Maxtor rolls out 80GB and 100GB hard drives

In the latest salvo in the spring storage wars, Milpitas, Calif.-based Maxtor Corp. announced two extra-large hard drives for the storage-deprived: the 80GB DiamondMax D540X and the 100GB DiamondMax 536DX.

The 80GB DiamondMax D540X uses Maxtor's latest technology tweaks to double the data storage of a two-sided drive platter from 20GB to 40GB. The DiamondMax 536DX drive has more traditional platter capacities, but it uses three platters for a whopping 100GB of storage capacity -- making it the largest desktop drive on the market.

Maxtor's announcements come one week after Scotts Valley, Calif.-based rival Seagate Technology Inc. launched its newest U Series drives, the first-ever 40GB-per-platter drives.

Both Seagate's drives and Maxtor's DiamondMax D540X can stack two double-sided platters to achieve 80GB capacities. Each drive also spins at 5,400 rpm, although both companies have hinted that higher-performance 7,200-rpm drives with the same 40GB platters may debut shortly.

The DiamondMax D540X will be available by mid-July at an estimated retail price of $239.95 for the 80GB version. Pricing on the other capacities has not yet been set. The DiamondMax 536DX drive, which uses up to three platters averaging 33.3GB each, goes on sale in early July and will carry a suggested retail price of $299.95 for the 100GB capacity.

Both Maxtor and Seagate have achieved greater capacities by refining their existing technologies, rather than moving to new processes. Slight tweaks in the disks' read/write heads and in the method for laying the magnetic material on the disk platter allow them to roughly double the number of data bits per square inch, a measure known as areal density.

For now, Seagate is the real density champ, at 32.6G bits per square inch, but Maxtor is close behind at 29.4G bits. Both companies can squeeze enough magnetic material onto a 3.5-in. platter to reach 40GB.

Maxtor announced its first disk packed with 29.4G bits per inch earlier this month. However, that drive -- the 541D -- only uses one side of the platter, making it a low-cost 20GB drive. Maxtor representatives said they need a bit more time to engineer a two-sided platter, with two read/write heads, at the higher areal density.

In contrast to the incremental approach of its rivals, IBM recently announced that it's migrating to a new magnetic material called antiferromagnetically coupled media, or AFC (see story). The company said that AFC, also known as pixie dust, will help it reach a 100G-bit areal density by 2003.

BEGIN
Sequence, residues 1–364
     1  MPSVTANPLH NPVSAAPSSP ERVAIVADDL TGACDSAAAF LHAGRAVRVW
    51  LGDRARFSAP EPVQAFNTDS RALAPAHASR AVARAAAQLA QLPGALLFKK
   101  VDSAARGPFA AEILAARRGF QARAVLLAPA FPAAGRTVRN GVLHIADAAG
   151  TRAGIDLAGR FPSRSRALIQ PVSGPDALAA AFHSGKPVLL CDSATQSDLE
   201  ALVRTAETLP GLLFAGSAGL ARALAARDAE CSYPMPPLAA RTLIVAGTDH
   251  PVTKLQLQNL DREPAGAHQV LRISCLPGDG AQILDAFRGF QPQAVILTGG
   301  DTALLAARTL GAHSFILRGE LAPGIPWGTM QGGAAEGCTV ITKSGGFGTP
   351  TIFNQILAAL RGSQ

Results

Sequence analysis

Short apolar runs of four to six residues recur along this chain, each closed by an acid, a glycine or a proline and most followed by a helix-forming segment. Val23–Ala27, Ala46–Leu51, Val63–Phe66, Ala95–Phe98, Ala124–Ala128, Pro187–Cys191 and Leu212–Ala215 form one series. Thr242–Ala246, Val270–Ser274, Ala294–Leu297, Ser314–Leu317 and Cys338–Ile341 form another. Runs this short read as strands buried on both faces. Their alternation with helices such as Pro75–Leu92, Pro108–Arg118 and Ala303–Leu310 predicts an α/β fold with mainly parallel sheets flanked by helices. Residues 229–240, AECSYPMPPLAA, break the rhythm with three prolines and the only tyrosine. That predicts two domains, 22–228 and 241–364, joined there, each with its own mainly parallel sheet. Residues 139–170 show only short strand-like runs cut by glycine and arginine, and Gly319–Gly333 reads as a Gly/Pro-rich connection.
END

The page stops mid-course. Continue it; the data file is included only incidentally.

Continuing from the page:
While most major hard-drive manufacturers have been experimenting with AFC, IBM has been the most aggressive in promoting the material. IBM is also the first vendor to bring AFC to the market, using it in several of its Travelstar notebook drives.

Seagate and Maxtor contend that they can stretch more gigabits out of the existing technology. Neither, however, has ruled out an eventual switch to AFC.

In going to 100GB, Maxtor is challenging the current wisdom that 80GB is the upper limit of demand for PC buyers. Maxtor was the first vendor to achieve 80GB on a desktop drive with its four-platter, 20GB-per-platter DiamondMax 80, announced last July. Rivals Western Digital Corp. and Seagate both max out their desktop drives at 80GB; IBM currently stops at 75GB. (Seagate's server-class Ultra 160 SCSI drive is the capacity leader at 181GB.)

By most measures, 80GB is still a staggering amount of storage. A drive of this size provides enough room for 20,000 four-minute MP3 songs, 8,000 3.3M-pixel digital photos or a stack of printed text roughly 4,000 feet high.

That sounds like plenty of storage, until you start editing video files. Then this seemingly infinite space gets much cozier because uncompressed digital video sucks up about 13GB per hour.

Seeing video as the killer application to stoke customer demand for gargantuan drives, the once low-profile storage industry now has the glitter of Hollywood in its eyes.

"A lot of people who bought their [digital video] recorders for Christmas are going to want to start editing that content," speculated Bob Silva, senior marketing manager for Maxtor's hard-drive group.

Hard-drive vendors are also looking beyond the stagnant PC market and are peddling their wares to the consumer electronics industry. Drive vendors are providing products for set-top digital video recorders from companies such as WebTV and Dish Network. Vendors are also hoping to play ball in the video-game arena. Seagate and Lake Forest, Calif.-based Western Digital, for instance, supply the hard drives for Microsoft Corp.'s upcoming XBox game console.

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